THE chief engineer of a super yacht that’s been in Greenock for much of the summer has claimed the town’s Lyle Hill as one of his ‘Everests’ after cycling up it 100 times in a day.
Joris van der Tang, who has enjoyed taking part in events run by local club Inverclyde Velo, completed the feat of endurance last month, taking just over 17 hours, covering a distance of nearly 200 miles. He said: “I like doing things that people will say’that’s crazy’.”
The Everest challenge is completed by riding up a hill until the rider has accumulated the same elevation as Mount Everest (8,848 metres). The rider has to ride down the same way as they came up. Only one person can claim to have ‘Everested’ a particular climb and this is logged on a website — www.everesting.cc — where the rules are also set out.
Joris, who grew up in the Netherlands but now lives in Australia, had set himself the challenge of ‘Everesting’ a climb in Scotland during his stay. Earlier this year, he completed an Everest in Antigua, up to Shirley Heights, although the heat and the bad road surface made it very difficult. This accomplishment made him the first person to do an Everesting challenge in the Caribbean.
Joris on The Rest and be Thankful climb
Not content with the height of Everest, Joris decided he wanted to reach 10,000 metres of elevation in one ride — “I like round numbers” he explained. For this he chose The Rest And Be Thankful (Hell’s Glen) near Arrochar and completed 40 repeats of the climb which took just under 16 hours. This should have given the required elevation but when he checked his bike computer later he discovered he was 200 metres short at 9,800.
A new plan was devised in the form of 100 repeats of Lyle Hill. Joris said: “At first I thought ‘why not do 90 Lyle Hills?’ as that would have been enough elevation. Then I decided to make it a round number. What’s another 10?”
On 21 August at 4:30am, Joris began the second attempt of his 10,000-metre challenge. Residents of Lyle Road were perhaps bewildered as to why the Dutchman was cycling up and down the hill when they left for work– and was still cycling up and down the hill when they returned.
Inverclyde Velo stalwart Alex Hunter, who lives on Lyle Road, was out giving Joris encouragement, in between his breakfast, lunch, dinner and supper. Joris had a car with supplies parked at the top and stopped every 10 ascents to take on food and liquid. He completed his epic challenge just before 10’clock that night.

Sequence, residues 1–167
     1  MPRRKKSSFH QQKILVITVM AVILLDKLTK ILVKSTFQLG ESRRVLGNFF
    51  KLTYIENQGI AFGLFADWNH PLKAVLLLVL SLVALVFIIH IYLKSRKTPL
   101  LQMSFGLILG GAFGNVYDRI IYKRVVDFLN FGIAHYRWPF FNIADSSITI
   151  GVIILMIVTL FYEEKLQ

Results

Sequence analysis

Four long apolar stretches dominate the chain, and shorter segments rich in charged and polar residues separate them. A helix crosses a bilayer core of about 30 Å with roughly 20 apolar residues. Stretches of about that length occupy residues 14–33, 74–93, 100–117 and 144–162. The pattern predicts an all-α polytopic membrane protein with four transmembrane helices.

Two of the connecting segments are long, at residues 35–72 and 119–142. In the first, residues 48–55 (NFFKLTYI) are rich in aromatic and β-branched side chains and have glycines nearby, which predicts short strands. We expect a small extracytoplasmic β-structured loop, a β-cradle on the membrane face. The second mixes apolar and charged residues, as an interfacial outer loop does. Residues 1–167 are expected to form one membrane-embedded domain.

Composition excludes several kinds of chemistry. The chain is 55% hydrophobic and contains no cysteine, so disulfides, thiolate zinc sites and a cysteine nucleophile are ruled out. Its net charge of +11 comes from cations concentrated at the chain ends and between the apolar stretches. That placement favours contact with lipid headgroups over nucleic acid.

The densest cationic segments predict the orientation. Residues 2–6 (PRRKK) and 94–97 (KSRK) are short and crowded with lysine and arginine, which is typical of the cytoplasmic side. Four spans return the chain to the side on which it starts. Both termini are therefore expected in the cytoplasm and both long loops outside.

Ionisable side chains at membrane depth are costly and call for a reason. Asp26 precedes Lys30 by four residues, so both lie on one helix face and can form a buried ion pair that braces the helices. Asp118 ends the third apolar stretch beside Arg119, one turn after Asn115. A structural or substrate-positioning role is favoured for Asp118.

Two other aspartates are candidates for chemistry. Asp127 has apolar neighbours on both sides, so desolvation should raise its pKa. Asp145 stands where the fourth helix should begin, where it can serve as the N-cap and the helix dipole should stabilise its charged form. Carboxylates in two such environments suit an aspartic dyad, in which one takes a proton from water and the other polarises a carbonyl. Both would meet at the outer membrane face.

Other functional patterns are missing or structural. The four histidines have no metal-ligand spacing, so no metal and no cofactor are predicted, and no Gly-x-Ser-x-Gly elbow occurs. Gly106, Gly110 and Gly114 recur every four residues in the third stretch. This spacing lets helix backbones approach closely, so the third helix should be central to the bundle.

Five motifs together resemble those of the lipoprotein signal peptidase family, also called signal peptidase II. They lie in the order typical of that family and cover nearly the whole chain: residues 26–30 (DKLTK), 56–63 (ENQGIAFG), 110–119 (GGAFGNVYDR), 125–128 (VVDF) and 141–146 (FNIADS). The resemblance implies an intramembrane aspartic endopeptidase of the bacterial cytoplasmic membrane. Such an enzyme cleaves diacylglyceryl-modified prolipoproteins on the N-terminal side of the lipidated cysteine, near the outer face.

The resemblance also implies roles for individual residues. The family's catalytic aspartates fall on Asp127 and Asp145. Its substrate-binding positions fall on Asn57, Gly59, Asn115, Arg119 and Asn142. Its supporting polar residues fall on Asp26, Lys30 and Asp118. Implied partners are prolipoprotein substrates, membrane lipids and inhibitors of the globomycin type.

Since the beginning of August, Joris along with Rémon Tromp and Nathan Mischewski, two other crew members of the luxury yacht which has been berthed at James Watt Dock, have been training and racing with Inverclyde Velo on weekend club runs and evening time trials.
During their stay, they have also covered hundreds of miles locally around Greenock, Largs, Dunoon and Tighnabruaich. They have also ridden round Arran and Loch Ness and climbed the most spectacular pass in Scotland, the Bealach na Ba on the Applecross Peninsula, which ascends 2,053 ft in around four miles.
Another endurance challenge that Joris previously set himself was to see how far he could ride in 24 hours. He did this last year when he was in Florida for a few months. Starting from Miami, Joris set off on his challenge, with a support team of crewmate Remon and the ship’s captain who followed him in a car keeping him hydrated and fuelled for the duration. Joris arrived in Georgia at midnight after cycling for 23 hours and 52 minutes, covering 500 miles.
With their stay in Scotland almost over, Joris, Rémon and Nathan said they would have loved to have spent more time here and covered more miles in the Scottish countryside. Joris, who has managed to acquire an Inverclyde Velo Jersey, said: “The club has been great. Everyone has been so friendly.”